Middle Row: 1950s Commercials (left to right) Character design (ca.1959) / Self caricature of layout artist Art Heineman (UPA ca.1952) / Studio gag drawing depicting an animator being replaced by children cutting out paper dolls (UPA ca.1952) / Model drawing of Bert Piels (Piels Beer) by Tissa David from Grim Natwick animation (UPA ca. 1955) / Model drawings from unknown commercial by Tissa David from Grim Natwick animation (UPA ca.1955)

Bottom Row: Studio Gag Drawings Self caricature by Bill Melendez (ca. early 60s) / Studio gag drawing depicting Bill Scott explaining to a West coast animator how to dress like an East coast animator (UPA NY ca. 1952) / Three studio gag drawings by Bill Scott depicting the relationships between Grim Natwick, John Hubley and Scott (UPA NY ca. 1952)

* denotes a drawing by Grim Natwick

Next Chapter: THE GREATEST ANIMATOR WHO EVER LIVED (Studio Gag Drawings & Caricatures)


Grim Natwick Exhibit
Assistant Archivist, Joseph Baptista views the exhibit.

GRIM NATWICK’S SCRAPBOOK

This travelling exhibit has appeared at the ASIFA-Hollywood Animation Archive in Burbank, CA and at the South Wood Historical Society Museum in Wisconsin Rapids, WI, birthplace of Grim Natwick.

Stephen Worth
Director
Animation Resources

TheoryGrim Natwick

This posting is part of an online exhibit entitled Grim Natwick’s Scrapbook.

Wednesday, November 20th, 2013

Exhibit: Grim Natwick- Golden Age Animator

PART TWO: GRIM NATWICK IN ANIMATION’S GOLDEN AGE

Grim Natwick

In California, Walt Disney had seen some of Grim Natwick’s animation of Betty Boop in "The Bum Bandit" and sent his brother Roy to New York to convince him to join them in Hollywood. Ub Iwerks had just left Disney to form his own studio, and an experienced animator was sorely needed to take his place. Roy Disney made Grim a remarkably generous offer, but Grim wasn’t sold on going to work for the Disney brothers. He spoke to his friend Ted Sears on the West coast and was advised that Walt Disney was just a businessman- Iwerks had been the real creative core of the studio. So Grim decided that Iwerks’ new studio was the place for him.

Click to Read Disney's Offer
Click to read Disney’s offer to Grim.

Click to hear an audio interview with Grim about IwerksClick to hear an audio interview with Grim about IwerksSeveral of Grim’s former assistants and co-workers from Hearst and Fleischer were already working for Iwerks. Grim phoned Ub and offered his services, agreeing to work for less than half what Roy Disney had offered him. When Grim arrived at Iwerks, he was so accustomed to leading the crew of young animators, he hit the ground running. Ub had lost interest in animation at this point, and willingly handed over the day to day direction of the cartoons to Grim, while he focused on tinkering in his workshop behind the studio.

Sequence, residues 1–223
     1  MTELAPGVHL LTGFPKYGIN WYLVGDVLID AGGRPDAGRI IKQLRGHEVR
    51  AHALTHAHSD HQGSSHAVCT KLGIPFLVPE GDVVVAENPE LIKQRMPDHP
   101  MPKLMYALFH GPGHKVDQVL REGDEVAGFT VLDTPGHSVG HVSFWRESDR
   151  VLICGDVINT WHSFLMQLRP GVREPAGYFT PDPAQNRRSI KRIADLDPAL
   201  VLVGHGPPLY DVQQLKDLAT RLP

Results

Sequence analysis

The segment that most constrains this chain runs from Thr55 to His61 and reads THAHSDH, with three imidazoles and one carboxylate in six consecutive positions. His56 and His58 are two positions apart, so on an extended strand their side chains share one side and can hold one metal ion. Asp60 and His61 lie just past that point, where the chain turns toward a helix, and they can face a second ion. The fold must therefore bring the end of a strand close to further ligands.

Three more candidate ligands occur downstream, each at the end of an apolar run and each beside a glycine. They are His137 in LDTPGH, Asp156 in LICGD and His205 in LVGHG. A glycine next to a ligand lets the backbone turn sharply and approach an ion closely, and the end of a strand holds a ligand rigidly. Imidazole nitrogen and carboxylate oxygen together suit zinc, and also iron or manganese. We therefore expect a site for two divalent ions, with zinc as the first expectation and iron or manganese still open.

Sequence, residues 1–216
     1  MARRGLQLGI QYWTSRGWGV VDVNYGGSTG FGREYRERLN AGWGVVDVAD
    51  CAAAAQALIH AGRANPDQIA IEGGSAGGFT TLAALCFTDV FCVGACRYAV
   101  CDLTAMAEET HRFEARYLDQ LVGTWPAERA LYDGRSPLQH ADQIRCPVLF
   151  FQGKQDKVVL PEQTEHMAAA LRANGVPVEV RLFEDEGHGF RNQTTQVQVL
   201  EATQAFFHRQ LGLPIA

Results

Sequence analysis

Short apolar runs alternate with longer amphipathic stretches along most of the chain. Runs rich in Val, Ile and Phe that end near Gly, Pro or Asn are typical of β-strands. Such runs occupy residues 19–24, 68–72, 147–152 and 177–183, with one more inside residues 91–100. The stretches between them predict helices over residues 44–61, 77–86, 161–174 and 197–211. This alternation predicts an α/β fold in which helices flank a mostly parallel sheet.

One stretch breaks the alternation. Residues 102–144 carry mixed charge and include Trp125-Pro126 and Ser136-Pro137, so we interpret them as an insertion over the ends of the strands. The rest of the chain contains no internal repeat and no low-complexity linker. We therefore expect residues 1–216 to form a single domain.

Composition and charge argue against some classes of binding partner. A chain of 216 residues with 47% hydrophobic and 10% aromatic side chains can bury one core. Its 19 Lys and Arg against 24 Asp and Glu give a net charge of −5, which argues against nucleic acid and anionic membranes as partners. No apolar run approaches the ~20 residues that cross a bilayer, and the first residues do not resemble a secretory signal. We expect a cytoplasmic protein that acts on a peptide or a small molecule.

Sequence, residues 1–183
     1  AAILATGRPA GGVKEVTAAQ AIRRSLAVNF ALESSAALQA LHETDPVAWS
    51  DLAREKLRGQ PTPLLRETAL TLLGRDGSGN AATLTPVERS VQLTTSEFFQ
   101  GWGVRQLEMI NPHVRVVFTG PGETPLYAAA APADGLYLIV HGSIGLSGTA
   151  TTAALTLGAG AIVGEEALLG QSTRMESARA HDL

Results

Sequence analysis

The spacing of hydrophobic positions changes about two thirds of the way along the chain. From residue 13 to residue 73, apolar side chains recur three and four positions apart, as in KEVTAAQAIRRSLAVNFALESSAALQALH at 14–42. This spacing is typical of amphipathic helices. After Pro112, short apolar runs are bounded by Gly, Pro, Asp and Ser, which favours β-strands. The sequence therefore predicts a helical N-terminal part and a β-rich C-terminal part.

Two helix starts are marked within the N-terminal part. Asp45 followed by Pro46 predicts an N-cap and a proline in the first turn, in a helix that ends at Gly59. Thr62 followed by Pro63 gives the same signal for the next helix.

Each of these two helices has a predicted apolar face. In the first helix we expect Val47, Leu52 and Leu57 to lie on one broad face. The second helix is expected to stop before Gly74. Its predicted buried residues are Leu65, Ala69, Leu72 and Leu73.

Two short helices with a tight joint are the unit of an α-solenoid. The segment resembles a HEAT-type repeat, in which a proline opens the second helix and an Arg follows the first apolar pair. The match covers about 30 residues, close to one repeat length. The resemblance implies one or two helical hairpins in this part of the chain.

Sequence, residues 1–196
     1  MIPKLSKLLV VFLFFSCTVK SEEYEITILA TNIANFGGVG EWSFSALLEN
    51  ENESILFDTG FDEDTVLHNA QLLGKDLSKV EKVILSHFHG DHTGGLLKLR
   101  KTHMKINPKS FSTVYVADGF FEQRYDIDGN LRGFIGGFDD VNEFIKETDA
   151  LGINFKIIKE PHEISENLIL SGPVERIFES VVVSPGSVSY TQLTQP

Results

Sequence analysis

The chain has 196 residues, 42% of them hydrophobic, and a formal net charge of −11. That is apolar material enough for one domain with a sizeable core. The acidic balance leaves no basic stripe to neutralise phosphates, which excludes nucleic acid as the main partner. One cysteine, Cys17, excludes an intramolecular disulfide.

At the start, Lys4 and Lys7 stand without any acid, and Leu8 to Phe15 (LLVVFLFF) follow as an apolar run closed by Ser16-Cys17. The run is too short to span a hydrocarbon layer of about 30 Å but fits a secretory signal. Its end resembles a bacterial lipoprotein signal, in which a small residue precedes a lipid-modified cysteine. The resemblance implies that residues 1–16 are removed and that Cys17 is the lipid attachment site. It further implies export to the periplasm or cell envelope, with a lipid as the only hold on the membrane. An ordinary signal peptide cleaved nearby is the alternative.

At Iwerks, Grim got the opportunity to direct, making a clear mark on films like "Jack Frost", "Room Runners", "Stratos Fear" and "Aladdin’s Lamp". But he always loved a challenge. When Grim heard that Disney was planning a feature length cartoon based on Snow White and the Seven Dwarfs, he knew he had to be a part of it. Ub offered him a full partnership in the studio to entice him to stay on, but money wasn’t Grim’s primary concern. Animation was. Grim reluctantly said goodbye to his friends at Iwerks and joined the Disney studios.

Natwick At Iwerks

Snow White Concept Drawing By NatwickSnow White Concept Drawing By NatwickGrim’s first animation for Disney was the female lead in "Cookie Carnival". He received great praise from Walt for his work, and was assigned the female lead in the upcoming feature, Snow White to animate. Grim was given some of the studio’s top assistants to work with- most importantly, Marc Davis, Les Novros and Jack Campbell. By the end of the picture, he had animated over 120 scenes, with six assistants working under him, producing as much as 35 feet of finished animation a week! (The average animator’s footage was about 7 feet a week.)